Those of us who are still “safe” face a different kind of challenge: how will we stand up for justice actively, persistently, in our own country?  What risks are we willing to take?  What price would we pay?  What does the Lord require…? 

A bedrock truth of Christianity is that we are all one body – when one suffers, we all suffer.  Martin Luther King said, "Injustice anywhere is a threat to justice everywhere."  Our country depends for its integrity on us to cry out against injustice, not just against ourselves, but against any and all who suffer.  Now is such a time. 

Dr. King also left us with these words:  "There comes a time when silence is betrayal."  Many times, Americans have stood silent in the face of injustice: our enslavement of African-Americans, our internment of Japanese citizens, our blindness to Nazi genocide.  Now, we have a religious test on persons allowed into our country, and a ban on many refugees.  How shall we respond? 

The U.S. Holocaust Museum stands in our city as a somber reminder of what happens when we stand by as injustice reigns.  This poem at the Museum, by Niemoller, reminds us: 

First they came for the Socialists, and I did not speak out—
Because I was not a Socialist.
Then they came for the Trade Unionists, and I did not speak out—
Because I was not a Trade Unionist.
Then they came for the Jews, and I did not speak out—
Because I was not a Jew.
Then they came for me—and there was no one left to speak for me.

Celebrating Black History Month –

This month, St. Dunstan’s will sing the “We shall overcome” tune as the Memorial Acclamation in the Eucharistic Prayer at 10:45 a.m.  This reminds us that Jesus died to overcome the power of sin and death, and his resurrection is to bring to life a new Kingdom of God. He is here, now, at work today in the world, and in us.  This is radical, revolutionary proclamation!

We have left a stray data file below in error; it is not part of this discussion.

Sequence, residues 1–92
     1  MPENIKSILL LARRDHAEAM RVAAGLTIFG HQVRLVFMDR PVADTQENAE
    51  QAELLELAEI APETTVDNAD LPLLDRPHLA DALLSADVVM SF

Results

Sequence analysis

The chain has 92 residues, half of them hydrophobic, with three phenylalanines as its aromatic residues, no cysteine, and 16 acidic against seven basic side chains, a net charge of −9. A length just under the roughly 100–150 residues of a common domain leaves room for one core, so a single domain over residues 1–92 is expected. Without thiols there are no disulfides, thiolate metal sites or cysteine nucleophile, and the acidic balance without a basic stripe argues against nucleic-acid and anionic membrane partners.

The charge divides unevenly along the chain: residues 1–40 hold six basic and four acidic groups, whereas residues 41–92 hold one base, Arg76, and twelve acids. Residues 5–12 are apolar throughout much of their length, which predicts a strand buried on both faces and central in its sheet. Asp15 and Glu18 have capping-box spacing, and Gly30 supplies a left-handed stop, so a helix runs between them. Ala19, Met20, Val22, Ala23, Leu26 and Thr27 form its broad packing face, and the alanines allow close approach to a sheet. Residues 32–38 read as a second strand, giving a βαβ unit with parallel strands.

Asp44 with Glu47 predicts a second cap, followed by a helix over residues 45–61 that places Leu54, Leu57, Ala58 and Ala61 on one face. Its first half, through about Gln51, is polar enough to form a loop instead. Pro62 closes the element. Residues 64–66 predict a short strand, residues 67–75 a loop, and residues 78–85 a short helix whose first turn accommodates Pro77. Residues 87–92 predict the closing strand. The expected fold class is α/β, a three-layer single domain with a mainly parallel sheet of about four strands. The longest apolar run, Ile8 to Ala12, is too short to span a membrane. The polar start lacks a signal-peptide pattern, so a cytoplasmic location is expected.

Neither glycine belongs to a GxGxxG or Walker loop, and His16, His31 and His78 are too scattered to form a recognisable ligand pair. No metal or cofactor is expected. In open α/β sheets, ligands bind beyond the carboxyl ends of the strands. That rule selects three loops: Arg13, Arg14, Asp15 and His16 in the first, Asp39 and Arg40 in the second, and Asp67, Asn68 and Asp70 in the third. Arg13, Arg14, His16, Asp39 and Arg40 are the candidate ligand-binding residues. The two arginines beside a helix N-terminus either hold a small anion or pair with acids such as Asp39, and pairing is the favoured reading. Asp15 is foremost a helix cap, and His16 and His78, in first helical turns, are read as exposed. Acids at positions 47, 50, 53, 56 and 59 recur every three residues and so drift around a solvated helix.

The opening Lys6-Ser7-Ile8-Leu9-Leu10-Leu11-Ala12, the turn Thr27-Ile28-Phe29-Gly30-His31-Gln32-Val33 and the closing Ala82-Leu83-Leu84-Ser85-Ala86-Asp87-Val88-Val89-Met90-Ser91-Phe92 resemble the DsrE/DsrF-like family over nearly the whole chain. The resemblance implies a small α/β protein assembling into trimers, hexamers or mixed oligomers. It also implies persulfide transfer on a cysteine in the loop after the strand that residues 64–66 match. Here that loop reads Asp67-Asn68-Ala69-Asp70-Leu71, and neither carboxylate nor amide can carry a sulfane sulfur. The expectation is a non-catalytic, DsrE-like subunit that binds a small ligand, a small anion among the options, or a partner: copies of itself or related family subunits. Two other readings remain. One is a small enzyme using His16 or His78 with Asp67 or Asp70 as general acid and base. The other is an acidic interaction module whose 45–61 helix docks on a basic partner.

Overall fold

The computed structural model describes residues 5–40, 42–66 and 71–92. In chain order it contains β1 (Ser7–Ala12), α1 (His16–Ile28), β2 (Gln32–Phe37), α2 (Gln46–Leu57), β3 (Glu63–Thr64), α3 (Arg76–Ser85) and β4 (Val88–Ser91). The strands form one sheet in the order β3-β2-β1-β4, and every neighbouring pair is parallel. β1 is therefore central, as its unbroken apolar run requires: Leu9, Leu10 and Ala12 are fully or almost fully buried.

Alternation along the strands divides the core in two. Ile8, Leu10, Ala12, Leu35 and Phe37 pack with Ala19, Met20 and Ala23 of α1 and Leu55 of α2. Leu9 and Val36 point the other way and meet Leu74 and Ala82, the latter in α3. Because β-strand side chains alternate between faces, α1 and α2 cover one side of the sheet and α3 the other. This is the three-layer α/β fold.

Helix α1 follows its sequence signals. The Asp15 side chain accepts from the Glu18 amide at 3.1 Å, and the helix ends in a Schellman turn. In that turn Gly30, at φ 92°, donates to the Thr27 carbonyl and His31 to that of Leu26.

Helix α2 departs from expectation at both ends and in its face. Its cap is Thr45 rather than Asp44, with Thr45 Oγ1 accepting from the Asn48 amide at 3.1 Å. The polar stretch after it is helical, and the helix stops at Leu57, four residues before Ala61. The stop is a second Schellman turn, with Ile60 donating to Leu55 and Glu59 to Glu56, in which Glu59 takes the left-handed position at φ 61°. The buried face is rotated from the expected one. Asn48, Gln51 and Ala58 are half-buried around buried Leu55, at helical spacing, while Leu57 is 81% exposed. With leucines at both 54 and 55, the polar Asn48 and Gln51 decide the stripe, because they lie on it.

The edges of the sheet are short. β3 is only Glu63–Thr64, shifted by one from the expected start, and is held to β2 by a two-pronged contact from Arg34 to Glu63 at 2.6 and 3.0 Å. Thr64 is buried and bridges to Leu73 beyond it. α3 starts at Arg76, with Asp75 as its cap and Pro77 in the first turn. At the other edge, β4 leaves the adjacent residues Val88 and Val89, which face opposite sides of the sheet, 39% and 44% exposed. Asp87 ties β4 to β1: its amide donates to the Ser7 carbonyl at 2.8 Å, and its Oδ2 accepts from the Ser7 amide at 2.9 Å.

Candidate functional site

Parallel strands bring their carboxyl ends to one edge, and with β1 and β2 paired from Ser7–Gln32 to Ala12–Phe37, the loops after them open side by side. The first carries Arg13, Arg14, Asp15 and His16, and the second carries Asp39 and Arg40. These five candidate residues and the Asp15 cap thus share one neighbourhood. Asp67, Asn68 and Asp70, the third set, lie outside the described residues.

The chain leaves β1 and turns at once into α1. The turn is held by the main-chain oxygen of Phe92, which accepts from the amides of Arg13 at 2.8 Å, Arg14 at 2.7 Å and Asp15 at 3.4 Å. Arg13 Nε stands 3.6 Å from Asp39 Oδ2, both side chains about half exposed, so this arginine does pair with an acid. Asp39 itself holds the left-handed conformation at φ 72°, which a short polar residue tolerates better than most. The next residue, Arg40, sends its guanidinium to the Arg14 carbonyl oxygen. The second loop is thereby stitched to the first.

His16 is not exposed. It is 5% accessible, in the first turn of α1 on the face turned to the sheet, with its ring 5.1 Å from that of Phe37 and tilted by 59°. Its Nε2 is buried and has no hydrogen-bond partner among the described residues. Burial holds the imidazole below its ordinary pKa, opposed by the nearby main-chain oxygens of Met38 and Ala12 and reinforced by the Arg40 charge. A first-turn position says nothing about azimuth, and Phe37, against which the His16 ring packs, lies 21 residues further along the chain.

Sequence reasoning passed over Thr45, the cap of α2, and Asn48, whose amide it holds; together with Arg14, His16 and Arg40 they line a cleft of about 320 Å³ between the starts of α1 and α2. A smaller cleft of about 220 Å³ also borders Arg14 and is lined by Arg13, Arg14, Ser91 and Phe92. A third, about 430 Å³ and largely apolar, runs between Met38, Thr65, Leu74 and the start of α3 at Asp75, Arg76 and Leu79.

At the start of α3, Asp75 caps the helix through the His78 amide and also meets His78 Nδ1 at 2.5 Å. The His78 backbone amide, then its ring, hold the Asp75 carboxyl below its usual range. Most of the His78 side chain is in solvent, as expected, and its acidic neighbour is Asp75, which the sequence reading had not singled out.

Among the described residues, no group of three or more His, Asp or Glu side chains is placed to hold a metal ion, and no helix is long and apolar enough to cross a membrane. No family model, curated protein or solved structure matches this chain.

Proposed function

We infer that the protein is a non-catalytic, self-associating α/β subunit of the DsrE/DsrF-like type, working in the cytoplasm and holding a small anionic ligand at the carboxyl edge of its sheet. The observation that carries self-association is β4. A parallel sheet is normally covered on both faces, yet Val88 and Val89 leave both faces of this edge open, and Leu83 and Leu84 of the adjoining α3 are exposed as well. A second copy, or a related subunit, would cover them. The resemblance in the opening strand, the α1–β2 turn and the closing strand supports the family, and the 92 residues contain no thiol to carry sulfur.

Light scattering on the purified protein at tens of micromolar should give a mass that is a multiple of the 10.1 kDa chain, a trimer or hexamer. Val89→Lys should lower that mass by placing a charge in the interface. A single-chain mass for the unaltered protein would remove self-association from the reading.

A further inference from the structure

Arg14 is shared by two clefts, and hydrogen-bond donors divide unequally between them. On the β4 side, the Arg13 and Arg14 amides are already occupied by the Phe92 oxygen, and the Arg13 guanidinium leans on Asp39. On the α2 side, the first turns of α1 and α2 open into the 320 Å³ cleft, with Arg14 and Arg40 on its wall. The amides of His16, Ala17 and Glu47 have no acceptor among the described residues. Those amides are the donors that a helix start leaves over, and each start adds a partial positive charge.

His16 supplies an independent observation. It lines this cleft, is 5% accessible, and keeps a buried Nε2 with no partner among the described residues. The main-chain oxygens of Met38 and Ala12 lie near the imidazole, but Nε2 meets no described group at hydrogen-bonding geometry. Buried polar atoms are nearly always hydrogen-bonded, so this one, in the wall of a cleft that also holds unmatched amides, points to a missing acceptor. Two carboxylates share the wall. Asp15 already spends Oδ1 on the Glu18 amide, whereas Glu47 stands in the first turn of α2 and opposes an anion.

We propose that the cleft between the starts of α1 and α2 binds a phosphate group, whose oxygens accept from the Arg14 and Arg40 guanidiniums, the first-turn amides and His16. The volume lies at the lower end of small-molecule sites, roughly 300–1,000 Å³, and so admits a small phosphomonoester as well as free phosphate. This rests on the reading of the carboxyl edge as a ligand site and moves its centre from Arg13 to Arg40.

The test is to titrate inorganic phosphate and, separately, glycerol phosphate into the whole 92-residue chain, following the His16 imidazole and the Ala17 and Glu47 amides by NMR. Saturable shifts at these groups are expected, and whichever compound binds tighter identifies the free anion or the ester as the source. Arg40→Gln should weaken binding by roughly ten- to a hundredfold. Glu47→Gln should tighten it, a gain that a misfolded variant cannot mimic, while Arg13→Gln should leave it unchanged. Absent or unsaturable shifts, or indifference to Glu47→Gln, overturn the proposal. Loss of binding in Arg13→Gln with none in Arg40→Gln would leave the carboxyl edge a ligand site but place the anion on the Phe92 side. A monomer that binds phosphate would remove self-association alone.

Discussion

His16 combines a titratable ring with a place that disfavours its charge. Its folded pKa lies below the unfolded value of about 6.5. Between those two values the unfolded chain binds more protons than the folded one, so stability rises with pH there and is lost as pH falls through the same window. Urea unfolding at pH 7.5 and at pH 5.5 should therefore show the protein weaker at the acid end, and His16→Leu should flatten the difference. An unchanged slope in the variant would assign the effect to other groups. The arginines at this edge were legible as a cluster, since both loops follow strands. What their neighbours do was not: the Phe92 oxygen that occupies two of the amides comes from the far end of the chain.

We’ll also sing other spirituals and gospel music from the rich African-American tradition of Christian music.  These were often used to comfort the afflicted and claim hope of redemption and a new life out of slavery, violence, and Jim Crow segregation, just as Moses led the Hebrew people out of bondage in Egypt.  JBM



Trial Notes: 2/12/2017

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The Church – One Body and One Spirit.

Everybody loves a picnic (and kids love a moonbounce!).  This Sunday we combine into one service at 10 a.m., with a Winter Picnic following – it should be a joyful and fun day!  The Vestry is experimenting with ways to bring our entire congregation together to worship and enjoy each other.  When we do this, we combine aspects of both our regular Sunday services, so some elements will be familiar to you, and others may seem new.  Try to be open to how God’s Spirit can work through traditional and contemporary songs and prayers alike.  You might be surprised what speaks to you! 

Our theme is: The Church – One Body and One Spirit.  It’s so easy to forget that the Church is the Body of Christ (God!) – not just another human association.  We are animated and led by God’s Spirit, not just human effort.  Our calling to be here is from God, not just our own inclinations.  And our mission is God’s too – to spread hope and help in the world through the Good News of Jesus.  We are not here to get, we are here to give!  The people around us need to hear our message of the forgiveness, acceptance, and love of God.  So we need to Practice Love in all sorts of ways. 

God loves us enough to join us on this roller-coaster ride we call human life.  God is like the most loving parent we can imagine, or a spouse who gives and gives…and then some.  In God’s love we can dare to dream and act in ways we would not dare to on our own power.  The Church is an amazing community when we truly know ourselves to be Christ’s Body on earth.  When was the last time you listened- really listened for God’s call in your life?  JBM